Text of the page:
Children's Health Parenting

4 ways to keep your kids active this summer

School is out for the summer, and many kids are already trying to figure out what to do with their free time. Though lounging around in front of the TV or computer seems to be a common pastime activity, recent studies show inactive kids experience unhealthy summer weight gain.

Finding ways to get your kids to be more active can be a challenge, but children will be open to a healthier lifestyle when the parents make it a family affair, according to Tracey Neely, Instructor in the Department of Kinesiology and Health Science at Augusta University.

“It takes the whole family working together to stay healthy,” Neely said. “When parents adjust diet and incorporate exercise in the family routine, both attitudes and bodies will become healthier.”  

So, if you are looking for ways to help your family stay healthy this summer, Neely offers the following tips:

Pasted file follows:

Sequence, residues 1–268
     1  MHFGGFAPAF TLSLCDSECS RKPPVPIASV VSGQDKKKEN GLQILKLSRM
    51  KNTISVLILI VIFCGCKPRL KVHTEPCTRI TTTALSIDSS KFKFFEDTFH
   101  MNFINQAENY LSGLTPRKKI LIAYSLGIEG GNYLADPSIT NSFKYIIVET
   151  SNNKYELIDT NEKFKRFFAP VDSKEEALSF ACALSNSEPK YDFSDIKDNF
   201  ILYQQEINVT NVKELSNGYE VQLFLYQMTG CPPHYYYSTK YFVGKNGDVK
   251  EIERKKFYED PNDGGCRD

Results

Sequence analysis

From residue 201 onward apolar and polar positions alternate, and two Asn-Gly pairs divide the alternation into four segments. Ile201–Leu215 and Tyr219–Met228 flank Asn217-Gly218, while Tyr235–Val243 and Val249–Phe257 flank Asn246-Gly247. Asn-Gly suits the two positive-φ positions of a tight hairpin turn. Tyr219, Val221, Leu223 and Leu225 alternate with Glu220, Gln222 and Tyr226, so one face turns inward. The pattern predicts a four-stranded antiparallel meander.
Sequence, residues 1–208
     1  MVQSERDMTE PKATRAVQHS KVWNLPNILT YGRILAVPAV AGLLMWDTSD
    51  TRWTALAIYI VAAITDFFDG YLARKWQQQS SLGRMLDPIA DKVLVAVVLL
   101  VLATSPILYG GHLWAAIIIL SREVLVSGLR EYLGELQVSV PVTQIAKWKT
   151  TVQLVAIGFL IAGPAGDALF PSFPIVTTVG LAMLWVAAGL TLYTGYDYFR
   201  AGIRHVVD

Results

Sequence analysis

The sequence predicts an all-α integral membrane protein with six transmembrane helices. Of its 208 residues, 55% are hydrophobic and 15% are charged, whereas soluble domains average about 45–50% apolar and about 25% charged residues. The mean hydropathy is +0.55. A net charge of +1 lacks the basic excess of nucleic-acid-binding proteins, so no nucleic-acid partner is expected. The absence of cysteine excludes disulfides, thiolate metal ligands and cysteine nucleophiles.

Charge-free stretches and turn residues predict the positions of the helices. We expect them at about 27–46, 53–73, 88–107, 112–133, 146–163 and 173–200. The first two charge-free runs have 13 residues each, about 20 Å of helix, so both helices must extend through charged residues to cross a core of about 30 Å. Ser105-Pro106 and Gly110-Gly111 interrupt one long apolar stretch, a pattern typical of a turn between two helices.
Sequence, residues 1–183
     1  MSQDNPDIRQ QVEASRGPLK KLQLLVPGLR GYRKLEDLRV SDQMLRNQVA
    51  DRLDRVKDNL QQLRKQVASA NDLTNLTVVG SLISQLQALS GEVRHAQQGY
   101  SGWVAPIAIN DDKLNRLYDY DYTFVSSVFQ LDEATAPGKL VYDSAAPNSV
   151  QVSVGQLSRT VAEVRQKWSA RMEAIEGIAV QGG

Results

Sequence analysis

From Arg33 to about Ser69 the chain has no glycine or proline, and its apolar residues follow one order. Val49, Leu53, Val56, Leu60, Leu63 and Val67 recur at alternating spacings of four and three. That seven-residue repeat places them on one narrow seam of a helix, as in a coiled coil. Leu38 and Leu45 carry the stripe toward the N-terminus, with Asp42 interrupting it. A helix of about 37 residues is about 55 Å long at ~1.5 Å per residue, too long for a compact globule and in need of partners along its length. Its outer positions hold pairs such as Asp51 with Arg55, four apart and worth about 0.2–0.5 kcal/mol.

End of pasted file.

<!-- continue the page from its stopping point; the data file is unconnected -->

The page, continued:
1. Make a plan. Get the family involved on developing a meal plan. When you go to the grocery store, allow the children to help with the shopping and involve them in the food preparation.
  2. Walk it out. Set aside a few days out of the week for the family to engage in physical activity like walking the dog, playing hopscotch, jumping rope, or even kicking around a soccer ball.
  3. Put down the remote and step away from the TV.  Limit your child’s television viewing to about two hours a day and then incorporate some type of physical activity during commercial breaks.
  4. Whistle while you work.  Make chores fun by turning a few of them into games that the family can do together. For example, see how quickly you can clean the house, play music while you are doing laundry, or allow your children to dance and sing while they help fold clothes.

About the author

Children's Hospital of Georgia

Children's Hospital of Georgia

Children’s Hospital of Georgia is the only facility in the area dedicated exclusively to children. It staffs the largest team of pediatric specialists in the region who deliver out- and in- patient care for everything from common childhood illnesses to life-threatening conditions like heart disorders, cancer and neurological diseases.